GKB: Geodemographics Knowledge Base
 

The MRS Census and GeoDems group champions new thinking and new talent; one area they have been particularly impressed with is the Consumer Data Research Centre’s Masters Dissertation Scheme.

This programme offers an exciting opportunity to link students on Masters courses with leading retail companies on projects which are important to the retail industry. The scheme provides the opportunity to work directly with an industrial partner and to link students’ research to important retail and ‘open data’ sources. The project titles are devised by retailers and are open to students from a wide range of disciplines.

MRS CGG are proud to have been granted permission to publish abstracts from the dissertations and we are sure the students have a great future ahead of them.

The first abstract we have chosen to publish is from Thomas Harland at the University of Liverpool with the Industry Partner GVC Group:

How Have the Dimensions of Online/Problem Gambling Changed due to Covid-19?

Project Background
15.6% of adults across Great Britain participated in gambling within the last 12 months. Of this cohort, in an average week 74% of users gambled online. This is important due to online gambling being more likely to cause problem gambling.

The dimensions of online and problem gambling have the potential to be impacted by Covid-19, due to the shutting of gambling establishments, cessation of major sports and the furloughing/redundancy of many workers across Great Britain. This could cause an influx of individuals into online gambling and drastically affect the gambling behaviour of individuals during this time.

The aim of this study therefore, is to evaluate if these measures have caused a change in the dimensions of online and problem gambling.

Data and Methods
Gambling behaviour, Geodemographic and Harm data for 2,002,885 active players, was assessed from September 2019 to July 2020. The gambling behaviour was assessed through the average number of active days, bets, turnover and gross-gaming revenue from both pre and post Covid-19 using time-series graphs.

This method was also used to assess the geodemographics of registering individuals in terms of age. The other geodemographic variables of average gender and Acorn category were studied through the modal value for each month of the study. Problem gambling was assessed through the number of markers of harm an individual experienced. The number of each harm experienced per month was then presented in a time-series object.

In addition to this, a multivariate regression model was used to assess which variables influence the prevalence of harm. The spatial distribution of all of the variables discussed was also assessed using a local indicator of spatial association statistic.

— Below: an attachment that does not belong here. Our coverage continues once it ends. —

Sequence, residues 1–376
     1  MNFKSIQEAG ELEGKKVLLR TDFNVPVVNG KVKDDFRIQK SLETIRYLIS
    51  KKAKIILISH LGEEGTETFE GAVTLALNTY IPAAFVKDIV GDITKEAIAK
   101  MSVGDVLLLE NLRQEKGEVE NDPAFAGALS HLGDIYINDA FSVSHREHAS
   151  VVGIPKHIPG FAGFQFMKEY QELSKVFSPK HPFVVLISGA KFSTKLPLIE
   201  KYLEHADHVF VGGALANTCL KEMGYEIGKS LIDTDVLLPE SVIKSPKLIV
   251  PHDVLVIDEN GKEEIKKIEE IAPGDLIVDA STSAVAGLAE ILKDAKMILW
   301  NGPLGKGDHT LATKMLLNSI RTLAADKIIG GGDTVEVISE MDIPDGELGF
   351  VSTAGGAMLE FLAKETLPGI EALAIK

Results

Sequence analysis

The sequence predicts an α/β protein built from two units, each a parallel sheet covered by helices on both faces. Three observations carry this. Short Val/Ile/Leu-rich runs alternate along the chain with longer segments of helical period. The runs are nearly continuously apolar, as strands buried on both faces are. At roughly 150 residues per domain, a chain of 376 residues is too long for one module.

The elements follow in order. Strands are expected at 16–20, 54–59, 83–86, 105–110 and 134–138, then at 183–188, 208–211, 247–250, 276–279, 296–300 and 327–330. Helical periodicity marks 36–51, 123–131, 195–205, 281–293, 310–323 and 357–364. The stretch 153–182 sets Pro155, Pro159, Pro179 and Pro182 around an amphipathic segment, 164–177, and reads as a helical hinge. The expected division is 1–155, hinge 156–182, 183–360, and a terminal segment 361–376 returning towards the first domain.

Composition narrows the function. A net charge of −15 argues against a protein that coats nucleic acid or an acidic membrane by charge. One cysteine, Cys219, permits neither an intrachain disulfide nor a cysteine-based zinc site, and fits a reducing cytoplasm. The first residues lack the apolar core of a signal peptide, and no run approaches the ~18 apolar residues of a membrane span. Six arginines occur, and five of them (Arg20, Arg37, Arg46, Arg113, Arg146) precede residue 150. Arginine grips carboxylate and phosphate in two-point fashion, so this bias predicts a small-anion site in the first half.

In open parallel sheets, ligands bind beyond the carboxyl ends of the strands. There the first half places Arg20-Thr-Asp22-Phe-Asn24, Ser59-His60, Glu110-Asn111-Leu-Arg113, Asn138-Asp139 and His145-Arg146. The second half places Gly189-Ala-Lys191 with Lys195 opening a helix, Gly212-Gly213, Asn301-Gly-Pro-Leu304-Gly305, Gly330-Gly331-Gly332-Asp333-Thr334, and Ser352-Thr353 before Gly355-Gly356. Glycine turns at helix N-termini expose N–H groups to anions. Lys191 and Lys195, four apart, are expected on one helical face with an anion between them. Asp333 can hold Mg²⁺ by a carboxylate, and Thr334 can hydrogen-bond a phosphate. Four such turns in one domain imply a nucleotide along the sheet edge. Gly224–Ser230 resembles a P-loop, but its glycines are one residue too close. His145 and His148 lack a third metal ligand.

Key Findings
The results of the analysis displayed that Covid-19 had an impact on the dimensions of online and problem gambling. Some of the results were hypothesised, such as an increase in the number of individuals following the onset of the ‘lockdown’ measures and an increase in gaming activity during Covid-19.

However, this was not caused by a movement of individuals from sportsbook to gaming products which was expected due to the cessation of sports. This was caused by an increase in the gaming activity of individuals already gambling on gaming products.

This was hypothesised to increase the number of harms due to gaming products being considered as more harmful than sportsbook products. This however, was not witnessed and upon studying the spatial distribution of the markers of harm, this was closely associated with an increase in sportsbook activity, high age, low socio-economic Acorn category, high Index of Multiple Deprivation score and high access to gambling establishments, which were all witnessed in the Northern cities of England.

Thus, suggesting that those areas that experienced an increase in problem gambling were not associated with increasing gaming activity but rather it was associated with areas that had high registrations of older aged players and low socio-economic areas, likely caused by the closing of betting shops, suggesting geodemographics may be more important than gambling preference. This was supported by the multivariate regression model which displayed that the most at-risk group was older men from lower socio-economic groups, suggesting Covid-19 may have changed the dimensions of the group most at risk of problem gambling.

Value of the Research
There is currently a gap in the literature in terms of understanding the influences on problem gambling and which groups are most at risk of harming themselves due to gambling. This report aims to assess this within the context of Covid-19, understanding the impact this may have had on the online gambling sphere and if this has produced a new group that is most at risk of problem gambling.

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